The new period that started in the summer of 2013 changed certain essential orientations of the government and the opposition, the texture of alliances, and even their subjective structures. If a concrete example is needed here, we can start by saying that the Gezi incidents have also changed the AKP as well as other political entities.

The AKP was previously a type of a coalition in which politicians with a Milli Görüş (National Vision, a religious-political movement founded in 1969) background stood at the center. Members of other political classes with different “roots” were also present, including certain bureaucrats and technocrats, and various sects and communities. Certain capital owner segments, a significant part of small- and medium-size producers, landowners, town notables and even a remarkable portion of the labor class were also part of the party. The AKP showed dexterity in “representing” a complex social base. Erdoğan, on the other hand, was like a strong spokesperson on behalf of both that coalition and the classes it was assumed to be representing. Since the summer of 2013, this image rapidly changed in favor of Erdoğan. Political figures in the AKP who were assumed to be strong were speedily eliminated, deactivated or were allowed to stay only if they were supportive and beneficial to the build-up of the new Erdoğan cult. The AKP as a party started to be replaced by Erdoğan as a leader. Thus, Erdoğan started to personally represent the conventional right politics that had been concentrated in the party for a while. The relationship with the MHP, which started out as a close relationship and evolved into a forced coalition, is not inconsistent with this. First, the MHP, even though it is a right-wing party, is also an “institution” that is also able to engage different aspects of political power, the state and the bureaucracy. Second, this coalition is the concrete indication of the weakness and fragility of Erdoğan’s bid to represent the entirety of the right.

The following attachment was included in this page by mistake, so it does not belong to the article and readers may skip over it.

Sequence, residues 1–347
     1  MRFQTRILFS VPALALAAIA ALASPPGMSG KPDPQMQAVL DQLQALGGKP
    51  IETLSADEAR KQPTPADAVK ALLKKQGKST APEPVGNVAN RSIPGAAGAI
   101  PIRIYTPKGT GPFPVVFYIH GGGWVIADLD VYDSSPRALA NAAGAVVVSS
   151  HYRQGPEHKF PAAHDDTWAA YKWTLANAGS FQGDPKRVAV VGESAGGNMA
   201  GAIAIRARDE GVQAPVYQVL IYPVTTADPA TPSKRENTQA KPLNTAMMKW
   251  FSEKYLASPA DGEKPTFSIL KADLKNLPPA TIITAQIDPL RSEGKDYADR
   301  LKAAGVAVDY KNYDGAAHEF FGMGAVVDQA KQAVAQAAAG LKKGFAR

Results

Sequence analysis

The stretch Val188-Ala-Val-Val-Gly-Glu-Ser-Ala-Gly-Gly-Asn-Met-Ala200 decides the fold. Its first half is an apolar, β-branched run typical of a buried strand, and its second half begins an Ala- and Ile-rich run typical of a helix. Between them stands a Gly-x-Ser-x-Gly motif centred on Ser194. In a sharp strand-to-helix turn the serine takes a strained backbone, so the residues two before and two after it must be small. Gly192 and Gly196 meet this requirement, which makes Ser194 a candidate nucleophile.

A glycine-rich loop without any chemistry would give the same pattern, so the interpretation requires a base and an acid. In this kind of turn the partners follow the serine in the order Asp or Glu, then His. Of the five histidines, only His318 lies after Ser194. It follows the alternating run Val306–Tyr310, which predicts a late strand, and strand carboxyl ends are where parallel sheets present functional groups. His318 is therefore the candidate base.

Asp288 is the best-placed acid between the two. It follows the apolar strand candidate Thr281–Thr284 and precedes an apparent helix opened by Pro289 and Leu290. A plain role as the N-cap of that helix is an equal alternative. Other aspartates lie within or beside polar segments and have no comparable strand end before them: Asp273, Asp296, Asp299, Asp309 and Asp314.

The three parties that have recently joined bourgeois/mainstream politics in Turkey (İyi, Future, and Deva) naturally became countrywide talking points. It is interesting that these three new parties form a palette that again has a nationalist strain, conservative strain, and liberal-right strain. Among the three new parties, the İyi Party broke away from MHP, while the Future Party and the Deva Party broke away from the AKP. The fact that they are from the coalition that makes the government today can be seen, along with other factors, as a sign that right-wing policies come up short in finding answers to solutions. The new parties are a result of the search associated with this. These parties have emerged as a sign of dissociation.

After all, this mobility in the right wing also shows that there is a desire to become valuable instruments in the search for an “exit” from the crisis Turkey is in.